We all know, it all began with The Big Bang. Our ancestors, like the first ones, struck two stones together and ensued was a spark. They rolled out a trunk and made a wheel. They tamed deadly diseases. They made bridges. The scraped through skies. Our scientific and technological advancements and discoveries have always enticed us.
We see big, but if we look closely, there is a trail of destruction. As Newton states his 3rd law of motion, “every action, has an equal an opposite reaction.” Law of motion or not, it references almost everywhere, one can’t expect the future to be quite bright, there’ll be darkness too.
The reality: our planet is in “dire straits”, meaning a very bad situation which is difficult to fix.
Science helps us define and explain transformations, it is a study of transformations. Science transforms our lives, it has, and it will continue.
There’s a story of Einstein running after a beam of light. There’s a story of Kekule seeing in his mind’s eye two snakes joined together mouth-to-tail. There’s a story of geodesic domes influencing nano-science. The takeaways from these stories: the theory of relativity, the structure of benzene, and the naming of fullerenes, respectively.
There’s a joy in storytelling, and our ancestors knew that, and passed onto us as part of their legacy, stories they hoped would sustain us. With time, their stories mutated into a game of Chinese Whispers. That’s the inherit peril of stories. But when done right, stories build hope, construct realities, and most importantly, help us seek meaning.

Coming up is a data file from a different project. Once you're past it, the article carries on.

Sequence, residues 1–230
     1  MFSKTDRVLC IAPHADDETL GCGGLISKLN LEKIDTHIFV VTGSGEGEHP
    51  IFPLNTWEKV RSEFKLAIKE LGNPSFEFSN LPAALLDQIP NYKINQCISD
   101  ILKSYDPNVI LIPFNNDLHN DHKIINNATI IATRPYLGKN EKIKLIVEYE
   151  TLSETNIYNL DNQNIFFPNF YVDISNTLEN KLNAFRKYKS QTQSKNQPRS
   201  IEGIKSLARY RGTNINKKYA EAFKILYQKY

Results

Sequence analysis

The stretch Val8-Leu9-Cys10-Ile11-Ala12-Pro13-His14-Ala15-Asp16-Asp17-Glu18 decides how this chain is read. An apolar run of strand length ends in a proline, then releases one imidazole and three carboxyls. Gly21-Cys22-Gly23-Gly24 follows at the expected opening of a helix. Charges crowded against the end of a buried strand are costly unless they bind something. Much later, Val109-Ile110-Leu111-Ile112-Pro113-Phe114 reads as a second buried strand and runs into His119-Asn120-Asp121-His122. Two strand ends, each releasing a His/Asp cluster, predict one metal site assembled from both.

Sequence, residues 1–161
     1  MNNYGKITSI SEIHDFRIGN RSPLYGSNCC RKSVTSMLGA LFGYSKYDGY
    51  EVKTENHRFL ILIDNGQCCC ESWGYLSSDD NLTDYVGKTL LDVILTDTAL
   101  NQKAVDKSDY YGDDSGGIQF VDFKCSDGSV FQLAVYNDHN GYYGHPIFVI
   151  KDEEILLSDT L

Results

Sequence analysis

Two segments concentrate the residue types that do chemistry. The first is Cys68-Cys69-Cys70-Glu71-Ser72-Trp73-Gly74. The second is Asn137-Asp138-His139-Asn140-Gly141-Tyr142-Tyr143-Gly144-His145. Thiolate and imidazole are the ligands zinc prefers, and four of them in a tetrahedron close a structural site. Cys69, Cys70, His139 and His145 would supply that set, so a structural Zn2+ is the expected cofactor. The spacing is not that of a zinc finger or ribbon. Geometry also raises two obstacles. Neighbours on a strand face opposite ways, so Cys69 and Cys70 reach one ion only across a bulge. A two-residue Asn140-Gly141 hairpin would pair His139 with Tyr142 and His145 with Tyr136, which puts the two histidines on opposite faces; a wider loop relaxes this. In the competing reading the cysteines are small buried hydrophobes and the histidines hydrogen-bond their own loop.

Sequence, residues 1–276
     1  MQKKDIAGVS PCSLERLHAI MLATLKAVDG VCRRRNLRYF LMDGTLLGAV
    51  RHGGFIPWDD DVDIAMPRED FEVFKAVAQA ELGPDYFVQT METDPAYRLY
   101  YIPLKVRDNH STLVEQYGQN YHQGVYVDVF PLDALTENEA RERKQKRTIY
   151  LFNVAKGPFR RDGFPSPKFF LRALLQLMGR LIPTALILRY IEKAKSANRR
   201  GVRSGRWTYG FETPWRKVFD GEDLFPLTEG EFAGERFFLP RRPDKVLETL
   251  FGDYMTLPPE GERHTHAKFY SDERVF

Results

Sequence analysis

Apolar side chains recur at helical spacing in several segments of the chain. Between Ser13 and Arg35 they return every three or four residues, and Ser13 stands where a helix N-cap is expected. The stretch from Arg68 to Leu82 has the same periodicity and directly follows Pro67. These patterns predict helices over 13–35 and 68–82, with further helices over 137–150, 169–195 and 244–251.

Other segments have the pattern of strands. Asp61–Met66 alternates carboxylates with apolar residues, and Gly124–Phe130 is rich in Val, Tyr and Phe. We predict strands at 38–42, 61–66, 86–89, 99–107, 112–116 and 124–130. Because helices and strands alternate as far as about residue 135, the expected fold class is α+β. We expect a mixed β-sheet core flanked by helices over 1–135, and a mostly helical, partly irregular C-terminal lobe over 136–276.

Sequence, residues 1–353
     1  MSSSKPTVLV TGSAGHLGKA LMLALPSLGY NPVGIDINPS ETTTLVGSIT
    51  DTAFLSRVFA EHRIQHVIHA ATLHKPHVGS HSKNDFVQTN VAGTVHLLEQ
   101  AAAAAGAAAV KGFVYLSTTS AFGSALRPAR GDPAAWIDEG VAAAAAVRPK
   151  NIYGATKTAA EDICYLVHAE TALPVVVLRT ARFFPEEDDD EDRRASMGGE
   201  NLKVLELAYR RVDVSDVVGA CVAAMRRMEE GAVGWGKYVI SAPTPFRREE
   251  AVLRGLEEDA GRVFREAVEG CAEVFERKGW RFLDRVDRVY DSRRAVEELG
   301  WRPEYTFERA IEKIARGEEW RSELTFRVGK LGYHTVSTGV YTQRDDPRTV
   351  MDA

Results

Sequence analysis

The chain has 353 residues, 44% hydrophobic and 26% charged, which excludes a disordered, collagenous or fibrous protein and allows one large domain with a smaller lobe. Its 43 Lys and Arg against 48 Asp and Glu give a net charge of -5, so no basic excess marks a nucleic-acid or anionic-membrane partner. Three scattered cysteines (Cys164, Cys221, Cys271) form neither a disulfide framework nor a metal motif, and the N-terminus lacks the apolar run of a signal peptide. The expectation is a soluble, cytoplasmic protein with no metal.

“The future has an ancient heart”, that;s Italo Calvino. That sentence portrays with conviction and beauty a certain permeability. Permeability that enables connections. Connections that are seamless link us with who we most fundamentally are. They are perfect conduits that link us with our truest selves. These connections are essential and they are not easy. To give rise to these connections, we cannot rest content with received stories, but must tell new stories as they unfold.
We need to tell the story of Cherrapunjee, the Indian town which was once the world’s wettest place. Deforestation and global warming have now stripped the town of it’s honour. We need to tell the story of carcinogens and other adulterants that are unscrupulously added to food products.We need to tell the story of the local college, that plants a hundred saplings in it;s centennial year.And we need to tell the story of the small voice within that doesn’t tire of campaigning for waste management and efficient use of resources.
Stories work slowly, they don’t need to dazle ren’t supernovae. We need stories that celebrate science, and we need narratives that reach the most ancient parts of our hearts. We need stories of science that tell the truth, and we need them to tell it straight. Sometimes with stories an unimaginable grace is possible. And we can only hope that this grace extends into the inventions and discoveries and advancements in the laboratories to save this planet and ours from ourselves.